Immigrants Walk Off Jobs in Boycott

Gillian Flaccus, AP, May 1, 2005

LOS ANGELES—Hundreds of thousands of mostly Hispanic immigrants skipped work and took to the streets Monday, flexing their newfound political muscle in a nationwide boycott that succeeded in slowing or shutting many farms, factories, markets and restaurants.

From Los Angeles to Chicago, New Orleans to Houston, the “Day Without Immigrants” attracted widespread participation despite divisions among activists over whether a boycott would send the right message to Washington lawmakers considering sweeping immigration reform.

“I want my children to know their mother is not a criminal,” said Benita Olmedo, a nanny who came here illegally in 1986 from Mexico and pulled her 11-year-old daughter and 7-year-old son from school to march in San Diego. “I want them to be as strong I am. This shows our strength.”

Police estimated 300,000 people marched through Chicago’s business district, and hundreds of thousands more were expected at rallies in New York and Los Angeles. Smaller rallies were planned in more than 50 other cities across the nation.

In heavily Hispanic Perth Amboy, N.J., a normally bustling business district was quiet and still. Block after block of record shops, cafes and produce stores were shuttered on the usually traffic-choked street.

In the Los Angeles area, normally bustling restaurants and markets were dark and truckers avoided the nation’s largest shipping port. About one in three small businesses was closed downtown, including the cluttered produce market and fashion district.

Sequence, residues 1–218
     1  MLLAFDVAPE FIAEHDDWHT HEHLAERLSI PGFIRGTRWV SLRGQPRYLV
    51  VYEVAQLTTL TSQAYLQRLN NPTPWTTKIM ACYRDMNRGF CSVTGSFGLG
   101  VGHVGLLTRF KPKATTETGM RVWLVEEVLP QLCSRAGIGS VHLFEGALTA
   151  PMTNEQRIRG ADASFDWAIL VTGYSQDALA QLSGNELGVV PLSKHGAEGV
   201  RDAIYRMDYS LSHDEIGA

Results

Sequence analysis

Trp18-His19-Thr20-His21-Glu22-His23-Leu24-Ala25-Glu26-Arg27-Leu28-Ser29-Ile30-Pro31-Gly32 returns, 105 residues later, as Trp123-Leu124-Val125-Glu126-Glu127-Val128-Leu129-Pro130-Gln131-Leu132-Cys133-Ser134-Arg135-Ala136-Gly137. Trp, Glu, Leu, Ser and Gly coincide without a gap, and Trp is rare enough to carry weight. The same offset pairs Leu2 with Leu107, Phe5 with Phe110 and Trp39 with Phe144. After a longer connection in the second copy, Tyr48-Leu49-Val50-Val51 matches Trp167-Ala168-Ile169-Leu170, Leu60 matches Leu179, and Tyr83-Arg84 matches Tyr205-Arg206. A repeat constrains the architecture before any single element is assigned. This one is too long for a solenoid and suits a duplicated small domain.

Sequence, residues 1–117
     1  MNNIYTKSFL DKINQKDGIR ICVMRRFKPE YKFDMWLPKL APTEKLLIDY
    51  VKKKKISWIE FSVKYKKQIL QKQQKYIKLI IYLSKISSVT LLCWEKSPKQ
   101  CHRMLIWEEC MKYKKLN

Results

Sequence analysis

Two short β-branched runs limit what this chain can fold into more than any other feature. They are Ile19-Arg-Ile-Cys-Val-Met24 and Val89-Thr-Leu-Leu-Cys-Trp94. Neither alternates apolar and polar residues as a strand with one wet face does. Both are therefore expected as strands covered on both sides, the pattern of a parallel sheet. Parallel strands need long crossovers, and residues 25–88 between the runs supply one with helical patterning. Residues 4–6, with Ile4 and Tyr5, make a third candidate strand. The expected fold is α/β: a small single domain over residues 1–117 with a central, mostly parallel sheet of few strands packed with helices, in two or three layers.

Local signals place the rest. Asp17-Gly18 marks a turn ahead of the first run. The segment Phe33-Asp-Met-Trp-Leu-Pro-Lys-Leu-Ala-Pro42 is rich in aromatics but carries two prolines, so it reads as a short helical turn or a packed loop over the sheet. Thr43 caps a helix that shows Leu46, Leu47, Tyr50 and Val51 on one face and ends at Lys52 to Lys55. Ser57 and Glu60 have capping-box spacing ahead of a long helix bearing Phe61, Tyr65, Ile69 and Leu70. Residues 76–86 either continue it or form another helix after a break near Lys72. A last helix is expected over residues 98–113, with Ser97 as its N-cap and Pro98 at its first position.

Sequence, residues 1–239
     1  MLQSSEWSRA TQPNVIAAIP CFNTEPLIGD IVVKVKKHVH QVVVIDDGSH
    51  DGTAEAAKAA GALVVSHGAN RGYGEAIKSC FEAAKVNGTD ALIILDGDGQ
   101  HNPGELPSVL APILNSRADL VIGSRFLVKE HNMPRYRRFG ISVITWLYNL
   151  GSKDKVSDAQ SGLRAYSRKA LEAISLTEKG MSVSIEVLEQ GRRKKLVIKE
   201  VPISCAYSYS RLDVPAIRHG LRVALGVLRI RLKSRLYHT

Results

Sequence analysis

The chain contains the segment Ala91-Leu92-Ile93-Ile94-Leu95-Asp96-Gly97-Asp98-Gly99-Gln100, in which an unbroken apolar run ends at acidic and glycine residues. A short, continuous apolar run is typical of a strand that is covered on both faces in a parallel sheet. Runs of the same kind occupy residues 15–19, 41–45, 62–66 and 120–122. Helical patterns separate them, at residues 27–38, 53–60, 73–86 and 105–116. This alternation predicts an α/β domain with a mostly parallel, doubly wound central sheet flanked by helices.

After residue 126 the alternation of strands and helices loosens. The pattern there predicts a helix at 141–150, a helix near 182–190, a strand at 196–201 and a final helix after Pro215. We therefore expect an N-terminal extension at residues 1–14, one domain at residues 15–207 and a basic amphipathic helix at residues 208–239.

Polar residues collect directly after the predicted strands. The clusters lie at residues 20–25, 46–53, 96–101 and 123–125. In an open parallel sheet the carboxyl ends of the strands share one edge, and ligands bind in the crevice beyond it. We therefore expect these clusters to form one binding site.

Industries that rely on immigrant workers were clearly affected, though the impact was not uniform.

Tyson Foods Inc., the world’s largest meat producer, shuttered about a dozen of its more than 100 plants and saw “higher-than-usual absenteeism” at others. Most of the closures were in states such as Iowa and Nebraska. Eight of 14 Perdue Farms chicken plants also closed for the day.

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None of the 175 seasonal laborers who normally work Mike Collins’ 500 acres of Vidalia onion fields in southeastern Georgia showed up Monday.

“We need to be going wide open this time of year to get these onions out of the field,” he said. “We’ve got orders to fill. Losing a day in this part of the season causes a tremendous amount of problems.”

It was the same story in Indiana, where the owner of a landscaping business said he was at a loss. About 25 Hispanic workers—90 percent of the field work force—never reported Monday to Salsbery Brothers Landscaping.

“We’re basically shut down in our busiest month of the year,” said owner Jeff Salsbery. “It’s going to cost me thousands of dollars.”

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